Prime minister's questions sketch
By Nick Assinder
Political correspondent, BBC News website
Labour's image manipulators probably wanted it to look like Gordon's Angels.
Sit three identically dressed women-in-white in a "doughnut" around the prime minister to add a touch of glamour and shine a bit of sunlight through the dark clouds that usually hover around the prime minister's head.
Gordon Brown was flanked by women in white
It sort of worked. On either side of once-gloomy Gordon sat Commons leader Harriet Harman and Home Secretary Jacqui Smith, while immediately behind him was Angela Smith.
And they were all dressed in near identical white jackets, black blouses and necklaces.
So why was it the first thought that popped into many minds, rather than Gordon's Angels, was Attack of the Cabinet Clones?
Simply because these things do not happen by accident - at least, they would never have been allowed to happen accidentally under the old regime.
This was not a case of three women looking daggers at each other because they had committed the most awful of social faux pas.
So the immediate, and probably accurate assumption, was that this was the result of the latest assault by the image makers, one of the group of "extras" who hung around the edges of New Labour and who, we had been led to believe, would be getting their P45s.
Thank heavens for reliable Jack Straw who sat a couple of seats down the frontbench and managed, with his more sober attire and attitude, to turn the brightness down from 11.
The stunt worked, in part, because it seemed to add a little extra glow to the delight clearly being felt by Mr Brown and his MPs at Tory leader David Cameron's recent woes.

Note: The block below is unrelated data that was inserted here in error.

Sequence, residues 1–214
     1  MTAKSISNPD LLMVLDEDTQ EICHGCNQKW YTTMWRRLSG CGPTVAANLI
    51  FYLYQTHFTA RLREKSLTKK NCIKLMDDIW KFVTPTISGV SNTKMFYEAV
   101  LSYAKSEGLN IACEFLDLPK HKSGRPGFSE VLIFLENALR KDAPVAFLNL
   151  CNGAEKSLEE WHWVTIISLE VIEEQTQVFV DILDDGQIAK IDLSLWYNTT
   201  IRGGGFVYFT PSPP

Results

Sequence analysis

Mr Cameron has had a wobbly few days
The Tory leader had just come third in a couple of by-elections, been attacked for his direction by a major backer and been criticised for leaving the country instead of staying at home to look after his flooded-out constituents.
They weren't going to let that lie and both Mr Brown and Liberal Democrat leader Sir Menzies Campbell got their jabs in by referring to the fact they had seen the work of the emergency services first-hand.
And Mr Brown, on better form than of late, was displaying just a touch of the bounce everyone says he is currently enjoying.
When Mr Cameron took the slightly odd decision of raising the issue of whether the new EU treaty is really a constitution, Mr Brown delivered his pre-prepared slap down.
"I see we are back to the old agenda," he said to well-orchestrated cheers from his own MPs, who sounded like they might have been subjected to the whips equivalent of the cattle prod.
In fact, he liked this so much he said it twice.
"He is back to the old agenda, it did not take long after Ealing Southall [one of those by-election setbacks]," he declared.
Referring to the other little difficulties Mr Cameron has suffered, he added the soundbite: "The wheels are going off the Tory bicycle." (He probably meant coming off, but he is still learning how to do this sort of stuff.)
"It is just as well he has a car following him when he goes out," he added.
It was hard for Mr Cameron to completely disguise his discomfort.
This was the last clash before MPs go off on their summer holidays, and he had just lost it.